A keen supporter of Bourke's ideas was Henry Carmichael who opened a Normal Institution in Sydney where he provided advanced secondary education and Prussian inspired teacher training. Prussian schooling was designed in 1819 to produce obedient soldiers and workers who were trained from childhood to accept authority.
Tasmania was the first colony in the British Empire to introduce compulsory schooling in 1868 and Queensland was the first to make schooling free in 1869 under the influence of the politician Charles Lilley who declared, "If the state did not build schools, it would have to build prisons." Victoria was the first state to introduce "free, secular, compulsory" education with The Education Act of 1872 and it is interesting for homeschoolers to note that there was the same provision then for non-attendance if "a child is under efficient instruction in some other manner". This clause was probably to enable the landed gentry to continue with their custom of educating their children at home with tutors and governesses or sending them back 'home' to England. (At one stage in the 19th century 20% of Australian pupils were educated at home by tutors, governesses or parents.)(18) It was also a watering down of the wording in the original Bill due to the strong opposition to the compulsory clauses especially in country districts where families were dependent on the income children could bring in. (19)
The traditional view of the push for "free, secular, compulsory" schooling in Australia has been that it would provide a literate and numerate population to help advance Australia following the social upheaval and population explosion of the goldrush and educate the population enabling them to vote. A closer reading reveals the issue was far more complex. McCalman contends, "While touted as a means of enlightening the masses in effect, the process was one of social engineering 'to ensure that working class children grew up to be working class adults'."(20) The Church of England maintained that the curriculum should be restricted "to fit them for the station in life which they were born."(21) From the emancipist era, movement between social classes in the colonies had been much easier than in England. Schooling was intended to put a stop to that and sharpen the social class divisions.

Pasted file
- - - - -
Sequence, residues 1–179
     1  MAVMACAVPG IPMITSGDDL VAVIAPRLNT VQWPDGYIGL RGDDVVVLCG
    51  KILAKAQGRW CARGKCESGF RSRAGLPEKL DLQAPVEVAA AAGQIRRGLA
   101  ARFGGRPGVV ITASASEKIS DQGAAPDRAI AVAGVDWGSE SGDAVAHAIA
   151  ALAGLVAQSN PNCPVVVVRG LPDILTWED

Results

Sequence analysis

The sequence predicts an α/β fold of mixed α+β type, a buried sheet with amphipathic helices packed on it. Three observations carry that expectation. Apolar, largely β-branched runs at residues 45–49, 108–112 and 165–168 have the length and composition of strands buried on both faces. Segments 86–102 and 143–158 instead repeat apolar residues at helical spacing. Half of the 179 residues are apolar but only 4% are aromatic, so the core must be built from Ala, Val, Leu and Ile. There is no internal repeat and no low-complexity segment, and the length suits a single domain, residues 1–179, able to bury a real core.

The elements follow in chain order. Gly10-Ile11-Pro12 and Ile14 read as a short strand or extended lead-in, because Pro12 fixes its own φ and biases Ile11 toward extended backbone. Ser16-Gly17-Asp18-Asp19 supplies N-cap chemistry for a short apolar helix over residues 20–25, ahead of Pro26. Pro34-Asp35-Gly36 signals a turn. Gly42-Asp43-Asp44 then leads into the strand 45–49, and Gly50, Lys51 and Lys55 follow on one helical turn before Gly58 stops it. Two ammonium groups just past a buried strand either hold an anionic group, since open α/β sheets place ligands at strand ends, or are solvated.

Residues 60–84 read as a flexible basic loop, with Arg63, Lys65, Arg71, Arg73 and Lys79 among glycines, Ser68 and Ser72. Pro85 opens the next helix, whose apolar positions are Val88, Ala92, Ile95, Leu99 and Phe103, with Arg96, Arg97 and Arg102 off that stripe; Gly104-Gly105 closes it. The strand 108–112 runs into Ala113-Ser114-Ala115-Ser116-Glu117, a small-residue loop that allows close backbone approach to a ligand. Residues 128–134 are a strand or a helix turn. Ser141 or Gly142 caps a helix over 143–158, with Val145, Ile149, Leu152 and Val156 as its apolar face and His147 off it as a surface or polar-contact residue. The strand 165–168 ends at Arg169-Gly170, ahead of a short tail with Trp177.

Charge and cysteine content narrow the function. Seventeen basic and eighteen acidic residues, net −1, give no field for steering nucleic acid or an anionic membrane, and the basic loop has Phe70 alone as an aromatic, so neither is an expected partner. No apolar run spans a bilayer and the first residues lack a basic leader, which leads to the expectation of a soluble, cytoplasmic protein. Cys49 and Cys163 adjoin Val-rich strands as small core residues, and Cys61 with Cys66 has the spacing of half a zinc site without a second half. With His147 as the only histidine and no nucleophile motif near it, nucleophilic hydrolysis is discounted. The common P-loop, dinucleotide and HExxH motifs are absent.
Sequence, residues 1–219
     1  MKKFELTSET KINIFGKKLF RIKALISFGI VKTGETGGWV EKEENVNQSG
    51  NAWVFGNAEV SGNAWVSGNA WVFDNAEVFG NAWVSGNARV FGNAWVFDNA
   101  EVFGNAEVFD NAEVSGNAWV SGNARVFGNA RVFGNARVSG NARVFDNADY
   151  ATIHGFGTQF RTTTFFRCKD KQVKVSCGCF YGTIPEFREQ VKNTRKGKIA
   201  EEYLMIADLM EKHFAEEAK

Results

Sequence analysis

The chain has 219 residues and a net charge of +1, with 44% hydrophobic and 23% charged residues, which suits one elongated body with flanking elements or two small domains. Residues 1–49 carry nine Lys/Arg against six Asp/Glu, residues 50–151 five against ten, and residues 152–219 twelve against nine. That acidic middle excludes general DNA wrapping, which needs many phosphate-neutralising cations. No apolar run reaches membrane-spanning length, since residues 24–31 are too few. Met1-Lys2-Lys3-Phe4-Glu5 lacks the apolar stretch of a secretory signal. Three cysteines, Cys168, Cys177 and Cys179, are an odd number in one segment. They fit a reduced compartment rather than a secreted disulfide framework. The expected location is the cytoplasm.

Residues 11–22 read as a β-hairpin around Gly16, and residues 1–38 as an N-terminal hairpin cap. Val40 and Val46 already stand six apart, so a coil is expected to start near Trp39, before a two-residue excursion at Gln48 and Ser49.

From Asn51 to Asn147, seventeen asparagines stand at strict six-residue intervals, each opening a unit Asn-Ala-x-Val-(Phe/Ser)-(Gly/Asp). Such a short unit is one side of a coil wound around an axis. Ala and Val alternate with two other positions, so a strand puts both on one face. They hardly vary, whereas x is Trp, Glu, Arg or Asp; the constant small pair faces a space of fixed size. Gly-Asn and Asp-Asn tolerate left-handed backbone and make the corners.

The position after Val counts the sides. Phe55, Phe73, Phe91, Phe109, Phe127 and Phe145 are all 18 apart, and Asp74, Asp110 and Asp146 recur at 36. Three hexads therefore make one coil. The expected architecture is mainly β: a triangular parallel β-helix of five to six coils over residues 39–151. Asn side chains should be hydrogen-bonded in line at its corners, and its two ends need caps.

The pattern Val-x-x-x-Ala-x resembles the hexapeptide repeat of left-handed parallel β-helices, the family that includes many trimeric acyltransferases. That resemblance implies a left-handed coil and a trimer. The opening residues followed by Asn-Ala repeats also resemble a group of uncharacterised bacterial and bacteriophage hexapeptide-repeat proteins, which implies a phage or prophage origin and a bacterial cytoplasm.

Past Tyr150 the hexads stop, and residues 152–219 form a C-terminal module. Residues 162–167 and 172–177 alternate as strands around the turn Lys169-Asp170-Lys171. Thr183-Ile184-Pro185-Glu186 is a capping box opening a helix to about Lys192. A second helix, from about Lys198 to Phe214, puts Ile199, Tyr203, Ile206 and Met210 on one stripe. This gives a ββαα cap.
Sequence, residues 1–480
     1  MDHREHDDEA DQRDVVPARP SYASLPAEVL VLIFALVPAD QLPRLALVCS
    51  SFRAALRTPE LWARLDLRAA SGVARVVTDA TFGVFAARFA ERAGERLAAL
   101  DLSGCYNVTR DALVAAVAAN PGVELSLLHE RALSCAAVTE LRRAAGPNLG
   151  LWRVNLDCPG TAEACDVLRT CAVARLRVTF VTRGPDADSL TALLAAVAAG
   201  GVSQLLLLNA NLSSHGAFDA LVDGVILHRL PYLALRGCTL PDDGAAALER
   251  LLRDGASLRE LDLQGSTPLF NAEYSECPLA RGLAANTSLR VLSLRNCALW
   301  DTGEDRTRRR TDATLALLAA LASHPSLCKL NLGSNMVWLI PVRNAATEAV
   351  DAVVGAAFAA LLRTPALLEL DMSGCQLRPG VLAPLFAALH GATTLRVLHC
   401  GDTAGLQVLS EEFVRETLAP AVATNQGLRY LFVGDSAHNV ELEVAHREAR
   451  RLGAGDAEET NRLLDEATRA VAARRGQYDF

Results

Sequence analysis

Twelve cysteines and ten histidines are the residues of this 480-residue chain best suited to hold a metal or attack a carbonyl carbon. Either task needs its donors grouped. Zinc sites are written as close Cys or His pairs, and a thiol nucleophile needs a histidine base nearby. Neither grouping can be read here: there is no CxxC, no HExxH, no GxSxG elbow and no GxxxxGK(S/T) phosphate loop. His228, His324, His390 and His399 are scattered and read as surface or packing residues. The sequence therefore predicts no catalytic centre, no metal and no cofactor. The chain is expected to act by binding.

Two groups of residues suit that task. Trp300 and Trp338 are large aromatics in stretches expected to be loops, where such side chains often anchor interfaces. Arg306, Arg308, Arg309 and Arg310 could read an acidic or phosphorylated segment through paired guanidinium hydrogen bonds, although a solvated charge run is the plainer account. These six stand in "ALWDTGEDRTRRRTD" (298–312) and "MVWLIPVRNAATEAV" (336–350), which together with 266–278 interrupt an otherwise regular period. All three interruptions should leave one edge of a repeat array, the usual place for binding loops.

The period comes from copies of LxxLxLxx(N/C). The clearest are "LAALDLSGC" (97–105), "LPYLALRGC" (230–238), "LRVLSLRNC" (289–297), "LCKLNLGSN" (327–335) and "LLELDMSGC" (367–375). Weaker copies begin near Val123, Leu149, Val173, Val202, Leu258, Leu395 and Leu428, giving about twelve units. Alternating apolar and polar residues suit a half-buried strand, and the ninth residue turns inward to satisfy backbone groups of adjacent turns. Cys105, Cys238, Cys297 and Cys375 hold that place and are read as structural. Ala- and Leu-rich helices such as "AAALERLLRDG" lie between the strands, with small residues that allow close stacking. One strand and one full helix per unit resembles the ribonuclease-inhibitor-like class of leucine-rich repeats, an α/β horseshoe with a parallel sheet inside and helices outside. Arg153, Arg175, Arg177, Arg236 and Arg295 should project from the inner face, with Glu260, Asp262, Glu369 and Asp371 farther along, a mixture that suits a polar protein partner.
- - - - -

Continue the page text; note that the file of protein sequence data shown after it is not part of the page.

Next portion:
In NSW the leading legislative figure in the push for "free, secular, compulsory" education was Henry Parkes who is revered in that state as the 'Parent of Public Education.' He had researched education quite extensively overseas and was taken with the systems of Prussia, Denmark, Norway and Holland. He saw schooling the lower classes as a means to prevent or check their tendency to depravity, vice and crime. It would make them "acquainted with their rights and mindful of their duties." In 1863 Parkes argued, "How much better to teach the child than to punish the hardened youth; how much cheaper to provide schools than to build gaols; how much more creditable to us as a community to have a long roll of schoolmasters than a longer list of gaolers and turnkeys." (22) Parkes was also responsible for the withdrawal of all funding to church schools in 1882 as a result of fear of Irish excesses. To Parkes, the Irish were disruptive "jabbering baboons" who were arriving in excessive numbers. If Irish children could be forced into state run schools, they would be, to some extent, removed from the harmful influence of their parents' religion.(23) The Pope's declaration in 1864 that he was 'infallible" and his pronouncements that Catholics must obey the directives of the church meant that Catholics in the colonies were faced with the dilemma of paying substantially increased fees to maintain their commitment to Catholic schools or sending their children to state schools at the risk of excommunication.(24) State funding to denominational schools was not resumed until 1964.
Schooling was clearly aimed at class structure - in private schools 'young ladies concentrated on refinements to prepare them for a privileged role in society while the poor children received preparation for a future that pointed towards domestic and manual work.' When the Victorian Education Department realised that the compulsory clause of the 1872 Act would result in a congregation of all classes of children, "it tried to evade the social consequences of its own regulations by excluding the 'gutter children' from the regular schools the practice of the Department has been to abstain from sweeping these children into our schools, lest they impair the tone.'"(25) So the system was designed for 'lower class' children and yet the department itself considered some children 'too low' for its purpose - damning proof that schooling was not for the welfare of the children but the welfare of the state.